Blame it on the clicker. You know, the remote control that lets us fly through the channels like a greased tele-surfer without having to pause for commercials. Or content. It's the clicker that's made those of us in the TV news business compete, not only with other newsgatherers, but with everything from 30-second soufflés to "Law and Order" reruns to classic cartoons.
Time was, if you wanted to change the channel (back in the misty days when the maximum was 13), you had to get up from your easy chair, walk across the room, and turn (not punch) the dial, a physical activity that required at least a modicum of energy. A recent cartoon in The New Yorker got it best. It showed an older fellow on a couch next to a young boy, as both watched TV. The man is saying to the kid, with the scorn apparent in his face, "When I was a boy, I had to walk five miles through the snow to change the channel." Bingo.
Now, our audiences sit back and work their thumbs, searching for the … what? … most captivating images … most engaging comments … the car crash, the sexy scene, the laughter. As I've been touring the country with my new book, Outside the Box: A Memoir, I've begged our viewers to give us more time – to finish a sentence, to ask a whole question, to get a whole answer. They could learn something.
But I don't hold out much hope.
My first job in television news was at WCBS-TV in New York. It was 1972, and as the flagship station of the mighty CBS network, Channel 2 was the proud provider of everything you needed to know about the city. We covered the mayor, the snowstorms, the water main breaks, the plane crashes, you name it. The striking thing about all those stories, as I look back on them today, is that they were long by television standards – three minutes plus – and that the people I interviewed for them were given enough air time to complete their thoughts, two or three sentences, rather than the six-second snippets required today. You could learn something by watching.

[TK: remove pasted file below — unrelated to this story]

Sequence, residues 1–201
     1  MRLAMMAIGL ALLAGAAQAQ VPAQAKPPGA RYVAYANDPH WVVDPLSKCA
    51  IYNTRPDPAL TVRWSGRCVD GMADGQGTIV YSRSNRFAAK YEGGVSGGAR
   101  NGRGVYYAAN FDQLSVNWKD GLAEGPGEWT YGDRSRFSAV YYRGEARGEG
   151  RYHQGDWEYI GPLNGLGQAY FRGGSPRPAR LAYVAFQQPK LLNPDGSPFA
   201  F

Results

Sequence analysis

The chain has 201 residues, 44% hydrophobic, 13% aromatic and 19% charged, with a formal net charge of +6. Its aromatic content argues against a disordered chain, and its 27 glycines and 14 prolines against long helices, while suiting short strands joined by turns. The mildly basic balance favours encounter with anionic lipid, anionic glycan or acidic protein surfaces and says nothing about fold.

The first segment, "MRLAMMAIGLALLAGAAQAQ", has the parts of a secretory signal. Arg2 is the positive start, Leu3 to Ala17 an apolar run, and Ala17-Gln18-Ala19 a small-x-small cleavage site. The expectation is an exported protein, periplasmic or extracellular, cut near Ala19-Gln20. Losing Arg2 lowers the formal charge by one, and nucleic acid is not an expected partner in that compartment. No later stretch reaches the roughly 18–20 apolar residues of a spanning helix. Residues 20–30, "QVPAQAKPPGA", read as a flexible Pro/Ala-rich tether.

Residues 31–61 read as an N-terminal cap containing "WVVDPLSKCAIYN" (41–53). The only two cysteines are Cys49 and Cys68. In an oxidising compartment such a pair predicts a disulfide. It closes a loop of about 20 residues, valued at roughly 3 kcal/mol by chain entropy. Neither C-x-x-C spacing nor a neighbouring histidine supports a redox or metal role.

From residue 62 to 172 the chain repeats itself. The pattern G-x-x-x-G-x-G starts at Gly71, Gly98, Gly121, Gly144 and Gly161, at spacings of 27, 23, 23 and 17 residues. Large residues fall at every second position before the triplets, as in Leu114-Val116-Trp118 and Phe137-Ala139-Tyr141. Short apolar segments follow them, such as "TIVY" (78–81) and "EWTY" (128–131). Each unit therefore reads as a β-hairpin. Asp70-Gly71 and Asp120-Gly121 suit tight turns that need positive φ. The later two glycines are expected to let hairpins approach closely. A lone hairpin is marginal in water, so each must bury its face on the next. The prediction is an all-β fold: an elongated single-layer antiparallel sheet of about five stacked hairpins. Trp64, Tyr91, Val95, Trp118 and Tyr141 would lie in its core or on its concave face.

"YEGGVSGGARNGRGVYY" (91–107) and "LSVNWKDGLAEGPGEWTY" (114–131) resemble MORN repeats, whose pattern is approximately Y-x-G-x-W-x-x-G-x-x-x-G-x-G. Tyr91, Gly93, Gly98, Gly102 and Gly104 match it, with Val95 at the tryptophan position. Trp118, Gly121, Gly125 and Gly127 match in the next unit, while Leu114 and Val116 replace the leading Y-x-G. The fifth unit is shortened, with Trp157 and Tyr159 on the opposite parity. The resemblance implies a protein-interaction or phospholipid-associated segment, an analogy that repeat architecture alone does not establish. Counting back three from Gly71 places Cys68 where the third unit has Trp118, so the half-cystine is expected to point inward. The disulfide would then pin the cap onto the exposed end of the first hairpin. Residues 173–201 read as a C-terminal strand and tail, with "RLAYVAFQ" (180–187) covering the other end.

Today, on WCBS-TV, as on all the local newscasts, stories are – at best – half as long, and few interviewees get more than a quick sound bite. We used to have a film critic who reviewed movies at least once a week. Today, they more regularly report the box-office gross.
All this, of course, as profits have replaced public service as the primary force behind TV news divisions.
The rules have changed. We live in a world with Adult Attention Deficit Disorder, when everything has to be delivered faster, shorter, punchier. We function in a universe where news is now available on everything from 24/7 cable to the Internet to our iPods. Someday, I am firmly convinced, news bulletins will be delivered on our electric toothbrushes. Figuring out how to supply those platforms and compete with them is the challenge we all face.
Even at the networks.
I sympathize with Katie Couric's efforts to do something … well… different… with the "Evening News." It's got a dwindling audience that started to shrink long before CBS dropped into third place. I found out why during the aftermath of the 2000 elections.
I was waiting for the Supreme Court decision (my assignment for that day) and was e-mailing with my stepson Andy, who teaches at New York University. Suddenly, out of the corner of my eye, I saw on the TV monitor in my office that the decision was about to be handed down. "Gotta run," I e-mailed Andy. "Supreme Court decision coming. Watch it. It's important."
He emailed back immediately. "Where can I watch it?"
"On all the nets," I typed back. "ABC, NBC, CBS, Fox, CNN. Turn on your TV."
What Andy emailed me back made the scales drop from my eyes: "Oh Lynn," he wrote. "Television is so '90s. Where can I watch it on the Web?"
And it's not just my kids who aren't watching.
So good luck to all of us as we try to navigate this new terrain. I even wish luck to Katie – but not all that much, since I'm still rooting for Charlie Gibson and "World News Tonight" to win the day at ABC News.
But I wish one of us had the courage to slow down the process, to stand up to the little ones and zeroes rocketing through cyberspace, to say, simply, "Wait. I have something to tell you. It may take longer than three seconds and you may have to take your hand off the remote."
I doubt we'd get through the sentence without someone clicking away.